82nd podcast: The end of World War I – Fayetteville Observer

In the 82nd Airborne Division’s weekly look back at its 100-year history, officials will examine the end of World War I, the unit’s reintegration at home and myths from the time period.

The latest All American Legacy Podcast, released every Tuesday, will feature two guests.

They are Jennifer Keene, a professor of history and chairwoman of the history department at Chapman University in California, and Joseph Coohill, a historian and podcaster known by the alias Professor Buzzkill.

Keene specializes in the American military experience during World War I and is the author of three books on the subject.

Coohill’s podcast, also called Professor Buzzkill, examines the myths and misconceptions about history.

He spoke with the 82nd Airborne about technology in World War I, the Meuse-Argonne Offensive, the controversy surrounding Sgt. Alvin York’s actions in World War I and more.

The weekly All American Legacy Podcast series is part of a larger celebration of the storied division’s 100th anniversary.

They are available, free of charge, through iTunes, Google Play, YouTube and various other services.

Officials expect to release a new episode each Tuesday until at least All American Week – the annual celebration of past and present paratroopers that takes place the week leading into Memorial Day.

To find the podcast, go to iTunes at tiny.cc/AALPiTunes, Google Play at tiny.cc/ AALPGooglePlay or Stitcher at tiny.cc/AALPStitcher.

Go here to see the original:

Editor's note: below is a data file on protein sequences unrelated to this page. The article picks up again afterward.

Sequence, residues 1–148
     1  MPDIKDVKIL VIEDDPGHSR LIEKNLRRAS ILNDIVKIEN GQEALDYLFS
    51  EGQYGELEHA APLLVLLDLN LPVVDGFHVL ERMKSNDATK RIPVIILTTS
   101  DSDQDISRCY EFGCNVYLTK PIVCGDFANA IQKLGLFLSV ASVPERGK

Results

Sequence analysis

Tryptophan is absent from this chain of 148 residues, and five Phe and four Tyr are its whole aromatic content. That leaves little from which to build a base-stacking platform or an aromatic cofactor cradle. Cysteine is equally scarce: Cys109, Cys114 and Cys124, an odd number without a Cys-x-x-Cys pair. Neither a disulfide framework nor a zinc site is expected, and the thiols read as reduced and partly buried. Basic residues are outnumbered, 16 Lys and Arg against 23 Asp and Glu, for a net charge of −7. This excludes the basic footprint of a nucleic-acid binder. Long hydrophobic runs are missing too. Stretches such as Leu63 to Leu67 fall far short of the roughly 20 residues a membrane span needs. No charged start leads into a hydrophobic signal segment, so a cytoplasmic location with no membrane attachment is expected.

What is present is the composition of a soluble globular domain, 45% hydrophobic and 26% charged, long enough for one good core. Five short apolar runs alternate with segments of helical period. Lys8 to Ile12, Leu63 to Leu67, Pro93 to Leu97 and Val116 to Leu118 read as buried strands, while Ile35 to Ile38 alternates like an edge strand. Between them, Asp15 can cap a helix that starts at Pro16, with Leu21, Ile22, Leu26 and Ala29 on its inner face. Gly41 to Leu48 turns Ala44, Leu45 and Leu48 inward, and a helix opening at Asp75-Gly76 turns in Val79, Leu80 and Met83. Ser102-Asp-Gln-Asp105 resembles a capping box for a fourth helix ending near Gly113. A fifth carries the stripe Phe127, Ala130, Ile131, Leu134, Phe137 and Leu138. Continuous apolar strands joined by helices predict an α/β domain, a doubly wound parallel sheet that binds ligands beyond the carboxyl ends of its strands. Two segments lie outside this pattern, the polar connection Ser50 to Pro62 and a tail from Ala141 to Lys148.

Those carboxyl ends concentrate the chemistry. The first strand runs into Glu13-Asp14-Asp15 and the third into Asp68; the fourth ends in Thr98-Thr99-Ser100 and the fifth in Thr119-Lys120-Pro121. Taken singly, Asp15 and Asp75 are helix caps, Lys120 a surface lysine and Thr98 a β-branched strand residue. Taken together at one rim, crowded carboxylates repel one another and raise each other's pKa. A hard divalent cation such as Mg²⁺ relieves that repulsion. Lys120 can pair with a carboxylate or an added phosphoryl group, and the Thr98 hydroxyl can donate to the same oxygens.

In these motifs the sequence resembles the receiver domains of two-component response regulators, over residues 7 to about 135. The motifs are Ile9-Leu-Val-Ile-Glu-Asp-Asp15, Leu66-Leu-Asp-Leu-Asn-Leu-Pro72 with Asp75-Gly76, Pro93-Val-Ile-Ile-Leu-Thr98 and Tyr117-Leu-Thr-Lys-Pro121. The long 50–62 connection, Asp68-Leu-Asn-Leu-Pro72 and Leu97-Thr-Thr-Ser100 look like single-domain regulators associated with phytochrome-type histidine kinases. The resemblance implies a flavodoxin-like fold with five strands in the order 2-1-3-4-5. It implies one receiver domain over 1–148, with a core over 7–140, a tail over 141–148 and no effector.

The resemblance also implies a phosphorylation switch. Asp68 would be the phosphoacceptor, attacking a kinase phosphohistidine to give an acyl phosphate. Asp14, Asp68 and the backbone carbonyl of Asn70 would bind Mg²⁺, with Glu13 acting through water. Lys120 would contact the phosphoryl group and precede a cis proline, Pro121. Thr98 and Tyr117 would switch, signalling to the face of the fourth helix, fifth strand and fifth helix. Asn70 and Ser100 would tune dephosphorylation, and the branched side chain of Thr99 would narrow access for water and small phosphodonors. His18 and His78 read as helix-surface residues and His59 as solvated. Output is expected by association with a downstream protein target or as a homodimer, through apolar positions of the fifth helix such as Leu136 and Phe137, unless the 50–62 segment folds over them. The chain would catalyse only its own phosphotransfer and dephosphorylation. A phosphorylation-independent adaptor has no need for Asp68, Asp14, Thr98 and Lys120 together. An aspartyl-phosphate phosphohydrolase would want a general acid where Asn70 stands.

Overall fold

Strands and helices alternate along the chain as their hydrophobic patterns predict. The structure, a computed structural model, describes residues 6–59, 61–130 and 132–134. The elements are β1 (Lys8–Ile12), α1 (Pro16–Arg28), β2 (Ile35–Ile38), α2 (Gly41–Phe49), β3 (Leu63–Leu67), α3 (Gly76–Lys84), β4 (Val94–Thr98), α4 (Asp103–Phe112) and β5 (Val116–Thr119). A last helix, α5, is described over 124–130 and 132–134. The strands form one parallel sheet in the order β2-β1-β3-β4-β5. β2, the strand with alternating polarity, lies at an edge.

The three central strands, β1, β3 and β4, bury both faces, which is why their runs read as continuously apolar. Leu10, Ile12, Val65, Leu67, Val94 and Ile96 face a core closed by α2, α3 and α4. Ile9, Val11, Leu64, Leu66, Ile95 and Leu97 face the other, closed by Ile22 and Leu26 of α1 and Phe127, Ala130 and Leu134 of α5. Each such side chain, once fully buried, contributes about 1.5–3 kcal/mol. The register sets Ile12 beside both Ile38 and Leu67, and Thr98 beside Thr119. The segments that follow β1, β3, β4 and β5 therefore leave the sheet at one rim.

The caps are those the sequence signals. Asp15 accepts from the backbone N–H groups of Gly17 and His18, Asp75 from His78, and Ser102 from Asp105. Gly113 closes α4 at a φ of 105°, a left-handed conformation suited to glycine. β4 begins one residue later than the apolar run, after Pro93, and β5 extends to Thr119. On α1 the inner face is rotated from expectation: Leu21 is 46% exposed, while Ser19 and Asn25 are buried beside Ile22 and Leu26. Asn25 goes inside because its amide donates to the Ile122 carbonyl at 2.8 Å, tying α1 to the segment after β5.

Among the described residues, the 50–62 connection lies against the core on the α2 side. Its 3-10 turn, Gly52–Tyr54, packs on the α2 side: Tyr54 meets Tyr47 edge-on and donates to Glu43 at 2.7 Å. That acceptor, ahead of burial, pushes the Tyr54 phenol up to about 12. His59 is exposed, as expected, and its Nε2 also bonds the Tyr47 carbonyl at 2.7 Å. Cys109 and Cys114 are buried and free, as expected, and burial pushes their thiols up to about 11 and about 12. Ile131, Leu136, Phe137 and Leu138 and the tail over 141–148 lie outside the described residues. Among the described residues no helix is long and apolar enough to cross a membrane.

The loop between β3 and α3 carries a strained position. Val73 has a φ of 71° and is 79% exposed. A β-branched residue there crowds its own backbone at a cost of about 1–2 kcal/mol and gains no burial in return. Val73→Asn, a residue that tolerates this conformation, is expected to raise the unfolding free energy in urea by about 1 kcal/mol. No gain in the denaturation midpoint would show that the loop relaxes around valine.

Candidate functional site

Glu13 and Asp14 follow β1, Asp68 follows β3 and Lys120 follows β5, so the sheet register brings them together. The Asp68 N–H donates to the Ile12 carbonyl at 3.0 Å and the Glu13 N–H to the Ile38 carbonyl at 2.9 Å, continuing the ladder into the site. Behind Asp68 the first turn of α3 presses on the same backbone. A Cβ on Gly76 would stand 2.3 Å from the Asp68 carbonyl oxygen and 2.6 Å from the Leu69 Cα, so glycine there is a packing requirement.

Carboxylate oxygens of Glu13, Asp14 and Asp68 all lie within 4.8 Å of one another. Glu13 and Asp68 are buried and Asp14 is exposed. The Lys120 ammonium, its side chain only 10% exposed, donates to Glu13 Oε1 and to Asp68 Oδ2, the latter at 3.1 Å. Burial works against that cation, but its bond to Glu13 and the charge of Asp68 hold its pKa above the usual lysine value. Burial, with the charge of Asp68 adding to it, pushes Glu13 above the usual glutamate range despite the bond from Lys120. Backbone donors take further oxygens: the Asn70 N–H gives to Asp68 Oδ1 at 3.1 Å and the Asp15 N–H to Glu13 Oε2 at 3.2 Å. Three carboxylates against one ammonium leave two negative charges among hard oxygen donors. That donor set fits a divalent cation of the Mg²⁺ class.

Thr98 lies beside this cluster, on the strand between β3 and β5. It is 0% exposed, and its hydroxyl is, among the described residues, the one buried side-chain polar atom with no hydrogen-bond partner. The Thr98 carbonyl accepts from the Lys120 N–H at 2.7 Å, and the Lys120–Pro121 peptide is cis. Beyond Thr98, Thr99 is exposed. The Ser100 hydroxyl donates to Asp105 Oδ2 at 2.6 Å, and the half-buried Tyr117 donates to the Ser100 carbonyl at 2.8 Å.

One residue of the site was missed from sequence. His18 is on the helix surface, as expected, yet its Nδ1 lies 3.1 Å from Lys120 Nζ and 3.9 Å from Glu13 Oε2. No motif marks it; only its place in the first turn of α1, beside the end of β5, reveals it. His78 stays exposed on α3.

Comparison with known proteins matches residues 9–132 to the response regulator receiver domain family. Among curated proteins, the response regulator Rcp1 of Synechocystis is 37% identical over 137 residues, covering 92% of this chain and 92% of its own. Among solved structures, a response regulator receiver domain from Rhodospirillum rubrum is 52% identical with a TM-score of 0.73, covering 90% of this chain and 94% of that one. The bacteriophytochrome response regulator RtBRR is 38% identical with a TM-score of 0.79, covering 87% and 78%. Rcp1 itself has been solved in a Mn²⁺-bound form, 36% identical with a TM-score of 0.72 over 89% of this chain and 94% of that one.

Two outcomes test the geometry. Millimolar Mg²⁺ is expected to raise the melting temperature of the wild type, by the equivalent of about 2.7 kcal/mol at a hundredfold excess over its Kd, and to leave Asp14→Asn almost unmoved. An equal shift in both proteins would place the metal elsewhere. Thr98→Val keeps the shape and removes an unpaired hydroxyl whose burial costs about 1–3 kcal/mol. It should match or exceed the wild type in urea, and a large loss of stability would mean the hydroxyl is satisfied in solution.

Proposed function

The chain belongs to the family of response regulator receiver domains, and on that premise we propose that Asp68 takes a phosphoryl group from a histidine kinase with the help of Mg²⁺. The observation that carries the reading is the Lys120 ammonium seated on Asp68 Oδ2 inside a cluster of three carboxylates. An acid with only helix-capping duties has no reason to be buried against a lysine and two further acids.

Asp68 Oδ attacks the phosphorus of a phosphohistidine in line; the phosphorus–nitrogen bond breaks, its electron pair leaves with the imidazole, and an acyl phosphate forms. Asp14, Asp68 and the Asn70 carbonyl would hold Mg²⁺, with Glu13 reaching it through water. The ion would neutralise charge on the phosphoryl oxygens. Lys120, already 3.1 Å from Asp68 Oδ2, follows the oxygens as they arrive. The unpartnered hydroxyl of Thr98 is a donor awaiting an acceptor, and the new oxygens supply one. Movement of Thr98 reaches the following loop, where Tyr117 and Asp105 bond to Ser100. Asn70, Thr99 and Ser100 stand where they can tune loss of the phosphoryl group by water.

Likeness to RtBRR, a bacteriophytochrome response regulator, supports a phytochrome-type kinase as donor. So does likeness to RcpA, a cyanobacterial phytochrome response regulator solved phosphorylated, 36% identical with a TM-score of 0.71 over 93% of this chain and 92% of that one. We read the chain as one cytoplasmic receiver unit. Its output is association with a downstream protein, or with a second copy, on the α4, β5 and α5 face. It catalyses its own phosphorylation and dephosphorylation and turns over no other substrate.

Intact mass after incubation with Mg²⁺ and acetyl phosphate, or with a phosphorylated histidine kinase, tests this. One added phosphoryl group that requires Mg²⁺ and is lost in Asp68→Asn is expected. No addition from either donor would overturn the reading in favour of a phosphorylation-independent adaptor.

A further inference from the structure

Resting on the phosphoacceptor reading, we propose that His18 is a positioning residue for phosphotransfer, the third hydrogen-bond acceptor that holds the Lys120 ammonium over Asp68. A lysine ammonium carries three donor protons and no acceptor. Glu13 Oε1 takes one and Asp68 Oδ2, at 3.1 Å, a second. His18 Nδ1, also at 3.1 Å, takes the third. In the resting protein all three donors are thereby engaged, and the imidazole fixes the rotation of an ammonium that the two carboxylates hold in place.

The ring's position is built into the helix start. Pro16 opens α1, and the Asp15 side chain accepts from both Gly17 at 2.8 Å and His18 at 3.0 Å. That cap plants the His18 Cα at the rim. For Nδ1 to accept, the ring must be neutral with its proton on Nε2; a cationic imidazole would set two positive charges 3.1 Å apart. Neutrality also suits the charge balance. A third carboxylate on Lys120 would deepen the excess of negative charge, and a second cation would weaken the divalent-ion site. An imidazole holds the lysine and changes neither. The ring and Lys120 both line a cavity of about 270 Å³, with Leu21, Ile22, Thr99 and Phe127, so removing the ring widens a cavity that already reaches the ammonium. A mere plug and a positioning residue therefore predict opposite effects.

82nd podcast: The end of World War I – Fayetteville Observer

Related Post

February 19, 2017   Posted in: World War I |

Fair Use Disclaimer

"Congress shall make no law respecting an establishment of religion, or prohibiting the free exercise thereof; or abridging the freedom of speech, or of the press; or the right of the people peaceably to assemble, and to petition the government for a redress of grievances."

Under the 'fair use' rule of copyright law, an author may make limited use of another author's work without asking permission. Fair use is based on the belief that the public is entitled to freely use portions of copyrighted materials for purposes of commentary and criticism. The fair use privilege is perhaps the most significant limitation on a copyright owner's exclusive rights.

Fair use as described at 17 U.S.C. Section 107:

"Notwithstanding the provisions of section 106 and 106A, the fair use of a copyrighted work, including such use by reproduction in copies or phono-records or by any other means specified by that section, for purposes such as criticism, comment, news reporting, teaching (including multiple copies for classroom use), scholarship, or research, is not an infringement of copyright.

In determining whether the use made of a work in any particular case is a fair use the factors to be considered shall include:

  • (1) the purpose and character of the use, including whether such use is of a commercial nature or is for or nonprofit educational purposes,
  • (2) the nature of the copyrighted work,
  • (3) the amount and substantiality of the portion used in relation to the copyrighted work as a whole, and
  • (4) the effect of the use upon the potential market for or value of the copyrighted work."